LOS ANGELES-It's time for the GOP to put its money where its mouth is.
Everyone from George W. Bush on down knows that grabbing a larger share of the Hispanic vote is crucial to the Republican future. But of the eight congressional districts with the greatest possibility of producing new Latino members of Congress-Arizona 7th, Colorado 1st, Nevada 3rd, New Mexico 1st and 2nd, Florida 25th, and California 18th and 39th-only two have GOP Hispanic hopefuls.
Florida's 25th is one of them. Mario Diaz-Balart, a Cuban-American state legislator whose brother is in Congress, helped to draw the map of this new, 64 percent Hispanic district, and he is favored. The major Republican breakthrough opportunity among Mexican-Americans, though, lies in California's 39th, a newly created, majority-Hispanic district just east of Los Angeles. The national GOP so far hasn't paid much attention to the district, because the California legislature built it for Democrats, who have a 50-28 lead in voter registration there.
But wait. The Democratic candidate, Linda Sanchez (sister of Congresswoman Loretta Sanchez, who during the 1990s used illegal voters to oust Bob Dornan), won the nomination after she moved into the district and used big bucks from outsiders to trash her opponent. Even so, she nabbed only 33 percent of the March primary vote, and even the liberal Los Angeles Times noted that "Sanchez's barrage of negative mailers and cable television advertisements angered many Latino leaders."
Meanwhile, Republican candidate Tim Escobar, 35, has a political grand-slam biography. Labor: Has been a member of two unions, including the United Auto Workers. Business: Ten years managing investments with Merrill Lynch, and a former president of the La Mirada chamber of commerce. Military, in these post-9/11 days: U.S. army officer and a pilot in the National Guard, qualified to fly the AH-1F Cobra Attack Helicopter. Church: Deacon at Calvary Baptist, educated in Christian schools, homeschooling his four children.
Over hamburgers (no onions) in a Los Angeles restaurant, Mr. Escobar discussed his own and the nation's political future: "People shouldn't vote for me only because I'm an Escobar.... I believe in e pluribus unum [from many, one]. Americanism is an ideology, not a bloodline." He wants schools to teach English to everyone, "as a unifying device," and he wants voters to choose him because of his experience, his values, and his identification with the district.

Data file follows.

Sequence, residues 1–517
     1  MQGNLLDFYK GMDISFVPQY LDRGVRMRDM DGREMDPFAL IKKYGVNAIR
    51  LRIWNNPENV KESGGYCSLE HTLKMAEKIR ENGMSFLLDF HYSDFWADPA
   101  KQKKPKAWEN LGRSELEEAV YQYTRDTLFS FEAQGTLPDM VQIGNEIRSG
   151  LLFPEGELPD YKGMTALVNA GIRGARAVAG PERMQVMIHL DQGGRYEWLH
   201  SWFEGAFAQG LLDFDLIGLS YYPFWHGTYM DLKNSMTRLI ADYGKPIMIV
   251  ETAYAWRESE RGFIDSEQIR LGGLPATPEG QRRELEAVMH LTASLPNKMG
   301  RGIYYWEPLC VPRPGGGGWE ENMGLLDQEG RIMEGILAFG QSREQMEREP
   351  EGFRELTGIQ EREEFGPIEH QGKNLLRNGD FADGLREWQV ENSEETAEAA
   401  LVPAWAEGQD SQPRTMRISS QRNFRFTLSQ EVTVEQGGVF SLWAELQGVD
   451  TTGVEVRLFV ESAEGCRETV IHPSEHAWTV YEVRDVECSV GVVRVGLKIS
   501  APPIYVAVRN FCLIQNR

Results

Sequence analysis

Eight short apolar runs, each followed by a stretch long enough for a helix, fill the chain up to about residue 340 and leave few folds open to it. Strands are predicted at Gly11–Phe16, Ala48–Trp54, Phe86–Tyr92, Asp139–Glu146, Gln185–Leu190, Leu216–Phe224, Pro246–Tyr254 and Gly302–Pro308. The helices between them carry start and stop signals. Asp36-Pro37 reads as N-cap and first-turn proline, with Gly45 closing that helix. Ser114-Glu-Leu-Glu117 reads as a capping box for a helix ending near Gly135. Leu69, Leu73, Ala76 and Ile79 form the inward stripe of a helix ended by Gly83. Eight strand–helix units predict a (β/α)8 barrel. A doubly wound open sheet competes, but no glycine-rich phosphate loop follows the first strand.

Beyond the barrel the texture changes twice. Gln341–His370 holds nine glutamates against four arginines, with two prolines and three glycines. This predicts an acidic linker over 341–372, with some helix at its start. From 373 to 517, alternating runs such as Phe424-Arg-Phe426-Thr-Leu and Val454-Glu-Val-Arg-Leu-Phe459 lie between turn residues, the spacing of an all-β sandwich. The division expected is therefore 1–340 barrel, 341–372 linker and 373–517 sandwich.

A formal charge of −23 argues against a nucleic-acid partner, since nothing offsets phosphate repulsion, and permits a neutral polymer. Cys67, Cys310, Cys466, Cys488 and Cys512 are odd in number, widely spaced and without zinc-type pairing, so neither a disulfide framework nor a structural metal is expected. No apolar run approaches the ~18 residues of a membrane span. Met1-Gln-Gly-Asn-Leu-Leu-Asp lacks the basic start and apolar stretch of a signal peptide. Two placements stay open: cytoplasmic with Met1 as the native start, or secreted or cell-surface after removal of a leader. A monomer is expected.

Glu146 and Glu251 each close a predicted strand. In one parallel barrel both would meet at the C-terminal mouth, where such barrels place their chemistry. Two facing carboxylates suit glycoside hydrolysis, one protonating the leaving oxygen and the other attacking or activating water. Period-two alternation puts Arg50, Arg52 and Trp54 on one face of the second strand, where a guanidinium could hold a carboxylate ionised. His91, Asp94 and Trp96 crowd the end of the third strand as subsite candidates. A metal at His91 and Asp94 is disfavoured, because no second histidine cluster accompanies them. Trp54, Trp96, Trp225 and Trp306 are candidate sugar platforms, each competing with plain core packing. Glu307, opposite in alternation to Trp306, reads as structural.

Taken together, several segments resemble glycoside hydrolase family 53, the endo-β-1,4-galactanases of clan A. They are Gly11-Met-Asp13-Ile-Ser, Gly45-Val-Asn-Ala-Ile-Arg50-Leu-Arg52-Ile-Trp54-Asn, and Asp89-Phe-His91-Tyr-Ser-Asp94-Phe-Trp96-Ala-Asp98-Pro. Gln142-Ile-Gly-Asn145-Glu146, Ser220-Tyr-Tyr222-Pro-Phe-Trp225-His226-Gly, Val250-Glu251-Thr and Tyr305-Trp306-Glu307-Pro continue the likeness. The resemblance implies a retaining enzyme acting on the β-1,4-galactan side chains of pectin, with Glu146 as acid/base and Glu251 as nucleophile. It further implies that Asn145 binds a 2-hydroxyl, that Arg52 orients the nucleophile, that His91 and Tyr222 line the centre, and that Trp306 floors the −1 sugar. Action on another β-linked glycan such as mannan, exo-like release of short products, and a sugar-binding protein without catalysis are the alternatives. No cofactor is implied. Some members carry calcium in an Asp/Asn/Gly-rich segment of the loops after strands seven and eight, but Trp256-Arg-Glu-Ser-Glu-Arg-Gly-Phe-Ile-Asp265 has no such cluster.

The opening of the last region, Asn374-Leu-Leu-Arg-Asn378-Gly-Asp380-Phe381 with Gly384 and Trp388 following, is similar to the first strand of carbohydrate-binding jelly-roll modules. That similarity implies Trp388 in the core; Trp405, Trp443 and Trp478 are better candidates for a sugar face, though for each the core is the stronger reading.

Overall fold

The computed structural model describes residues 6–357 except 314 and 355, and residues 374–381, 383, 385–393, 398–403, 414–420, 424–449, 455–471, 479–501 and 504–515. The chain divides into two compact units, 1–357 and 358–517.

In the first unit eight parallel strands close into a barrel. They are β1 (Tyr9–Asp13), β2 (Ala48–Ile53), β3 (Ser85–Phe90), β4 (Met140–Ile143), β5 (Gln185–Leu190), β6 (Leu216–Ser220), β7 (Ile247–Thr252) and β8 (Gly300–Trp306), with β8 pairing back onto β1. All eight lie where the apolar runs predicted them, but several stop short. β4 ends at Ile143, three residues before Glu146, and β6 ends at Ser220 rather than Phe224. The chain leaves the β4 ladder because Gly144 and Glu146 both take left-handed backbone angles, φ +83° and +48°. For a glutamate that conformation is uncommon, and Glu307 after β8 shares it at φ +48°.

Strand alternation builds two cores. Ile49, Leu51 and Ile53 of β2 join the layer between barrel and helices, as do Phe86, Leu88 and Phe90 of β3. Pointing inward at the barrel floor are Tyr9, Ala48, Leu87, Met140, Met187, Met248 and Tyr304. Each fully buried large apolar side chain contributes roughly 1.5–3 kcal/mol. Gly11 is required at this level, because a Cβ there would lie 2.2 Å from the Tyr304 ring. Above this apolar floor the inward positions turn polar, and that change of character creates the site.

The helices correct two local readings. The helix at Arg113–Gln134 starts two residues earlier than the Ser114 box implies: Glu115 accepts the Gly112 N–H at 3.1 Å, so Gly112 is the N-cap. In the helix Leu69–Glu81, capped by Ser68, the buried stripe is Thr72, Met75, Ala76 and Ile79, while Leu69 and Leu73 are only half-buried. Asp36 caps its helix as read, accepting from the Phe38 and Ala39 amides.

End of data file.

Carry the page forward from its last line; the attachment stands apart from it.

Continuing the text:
That's important in a congressional race: Unlike Ms. Sanchez, Mr. Escobar grew up in the cities that now comprise the 39th district. So did his parents, his wife of 13 years, and his in-laws: "My dad's a phone man, my mom a bank teller. My dad was an example for us, working two or three jobs and teaching us the importance of being self-reliant and, as a Christian, self-governing."
He knows that Ms. Sanchez will attack him as "a gun-toting, anti-choice conservative," and he has ready responses. Gun-toting? "As a military officer, I've maintained a commitment to protect this nation." Anti-choice? "I am against abortion, and my aim is to promote a community where life is important. My opponent is not pro-choice, she's pro-abortion, and that's not what this district is about."
He crisply and convincingly offers his positions for tax cuts and for welfare policies "that give people the chance to earn their own dignity back." He is against leaving "education in the hands of bureaucrats who hope to use the power of the textbook to alter our civilization." He believes he can win because of his ties to the district, along with the residual effect of Ms. Sanchez's negative campaigning and the popularity of President Bush on domestic as well as defense issues: "George W. has taken education, welfare, and other issues away from the Democrats. They're left with gays, abortion, and Jesse Jackson."
His dynamic candidacy is a gift to the GOP. "No party element found me," he noted. "There was no organized recruiting effort, because they're looking only at the party registration figures. But if you don't ask for the sale you won't get it. If you don't fight for electoral victory you'll never get it."
It's time for the GOP to fight, and to pump funds into Mr. Escobar's campaign, because he is probably right when he says, "This [congressional] seat is ours if we want it." And if he is elected, he has the personality and disciplined aggressiveness to play an important role in the GOP's efforts to gain more votes among Hispanics, a socially conservative group. If elected, he could quickly become, for Democrats, the most dangerous man in American politics.